Local News

Marisa Demarco / KUNM

All around the United States, students filed out of their classrooms on Wednesday, March 14, to stand for school safety. It’s been a month since the mass shooting at a high school in Parkland, Florida.

In New Mexico, school administrations had mixed reactions to the planned walkouts. Over the last couple of weeks, KUNM followed the students at an arts charter school in Albuquerque, as they organized with the support of school staff.

Courtesy of Laura Gómez

UCLA Law Professor Laura Gómez grew up in New Mexico and she says it’s critical to know the history of racism against Mexican Americans and Latinos in the Southwest in order to understand today’s anti-immigrant and anti-Latino rhetoric and policies. She'll appear at Bookworks in Albuquerque on Saturday, March 10 at 3:00 p.m. to discuss her book Manifest Destinies: The Making of the Mexican American Race

Lorie Shaull via Flickr CC

Let’s Talk New Mexico 3/15 8a: All around the country, students are walking out of classrooms to call for gun control after a decades of deadly shootings in schools. Young folks are saying they can’t keep waiting, and there is widespread support around the country for some gun control, but lawmakers have made little progress. We’ll hear from students around the state about what it's like to go to school in an era of mass shootings.

Let's Talk Water Rights And The Rio Grande

Mar 6, 2018
Paul Tashjan, USFWS

Let's Talk New Mexico 3/8 8a. Call 277-5866. A U.S. Supreme Court case could threaten New Mexico’s use of water from the Rio Grande. This week, justices allowed the federal government to join in a case brought by Texas, which alleges New Mexico has been taking more than its fair share and not letting enough flow downstream.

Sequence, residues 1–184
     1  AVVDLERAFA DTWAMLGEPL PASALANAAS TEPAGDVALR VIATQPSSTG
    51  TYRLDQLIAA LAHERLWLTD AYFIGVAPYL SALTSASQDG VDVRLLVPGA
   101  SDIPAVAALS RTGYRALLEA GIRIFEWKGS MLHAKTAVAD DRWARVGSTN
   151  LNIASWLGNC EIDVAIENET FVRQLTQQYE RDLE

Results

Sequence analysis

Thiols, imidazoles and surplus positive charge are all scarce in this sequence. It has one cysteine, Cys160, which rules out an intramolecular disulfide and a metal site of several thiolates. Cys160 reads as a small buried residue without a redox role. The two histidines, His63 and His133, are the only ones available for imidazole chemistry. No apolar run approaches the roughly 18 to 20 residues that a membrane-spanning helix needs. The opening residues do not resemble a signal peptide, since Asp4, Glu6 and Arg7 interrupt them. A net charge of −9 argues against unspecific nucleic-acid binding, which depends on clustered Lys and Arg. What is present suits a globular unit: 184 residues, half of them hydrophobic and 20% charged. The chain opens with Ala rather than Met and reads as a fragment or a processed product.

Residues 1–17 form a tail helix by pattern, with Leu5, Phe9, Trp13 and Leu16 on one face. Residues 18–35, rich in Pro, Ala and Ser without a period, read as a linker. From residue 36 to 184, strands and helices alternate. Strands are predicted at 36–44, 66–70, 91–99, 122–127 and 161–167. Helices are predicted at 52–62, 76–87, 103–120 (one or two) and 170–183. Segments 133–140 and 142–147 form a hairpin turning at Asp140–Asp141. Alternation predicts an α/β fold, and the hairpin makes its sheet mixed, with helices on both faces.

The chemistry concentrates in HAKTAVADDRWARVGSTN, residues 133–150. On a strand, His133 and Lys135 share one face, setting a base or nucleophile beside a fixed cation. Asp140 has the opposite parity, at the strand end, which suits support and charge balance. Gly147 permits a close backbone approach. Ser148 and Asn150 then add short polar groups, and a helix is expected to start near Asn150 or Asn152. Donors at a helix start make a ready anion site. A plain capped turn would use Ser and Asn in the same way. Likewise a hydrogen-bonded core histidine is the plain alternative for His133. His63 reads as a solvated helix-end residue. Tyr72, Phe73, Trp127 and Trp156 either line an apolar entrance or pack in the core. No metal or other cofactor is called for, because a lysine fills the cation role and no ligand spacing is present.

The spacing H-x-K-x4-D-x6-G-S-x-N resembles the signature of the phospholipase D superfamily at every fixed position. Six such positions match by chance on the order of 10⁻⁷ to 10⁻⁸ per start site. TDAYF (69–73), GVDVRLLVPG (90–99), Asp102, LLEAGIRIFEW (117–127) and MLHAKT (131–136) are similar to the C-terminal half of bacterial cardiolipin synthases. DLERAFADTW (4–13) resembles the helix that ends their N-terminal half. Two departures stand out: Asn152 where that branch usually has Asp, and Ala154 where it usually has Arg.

Debernardi via Wikimedia Commons / Creative Commons

The Albuquerque city council voted to raise gross receipts taxes by 0.375 percent Monday night and balance the city’s budget for the next year. The measure would generate around $50 million.

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New Mexico is still too slow in delivering food and medical assistance to the many people here who need it—and the problem is the people in charge. That’s according to a court appointed expert – a special master – who spent a year working inside the state Human Services Department’s Income Support Division.

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New Mexico’s been chasing technology firms, but this question always comes up: Are there people here who can do those jobs? A community college program is working to answer that question by helping nontraditional students get fast, intensive training, and get to work—whether it’s for a big company or at a business of their own. 

Melorie Begay/KUNM

Garnett Stokes is the University of New Mexico’s new president. She took some time out of her first day in office Thursday to shake hands and meet people on campus.

Courtesy of Lalo Alcaraz

Lalo Alcaraz is a nationally syndicated cartoonist and author of “La Cucaracha,” a daily comic strip that appears in the Santa Fe New Mexican. He was also a cultural consultant for the new Pixar-Disney movie Coco, and he'll give a talk at the University of New Mexico's Woodward Hall, Thursday, March 1, at 5:30 p.m. 

Tony Webster via Flickr / CREATIVE COMMONS

Bernalillo County commissioners voted on Tuesday to wait 30 days before deciding whether to hire an outside company to scrutinize the sheriff’s department after a spike in shootings by officers.

Tom Wind Energy via Flickr / Creative Commons License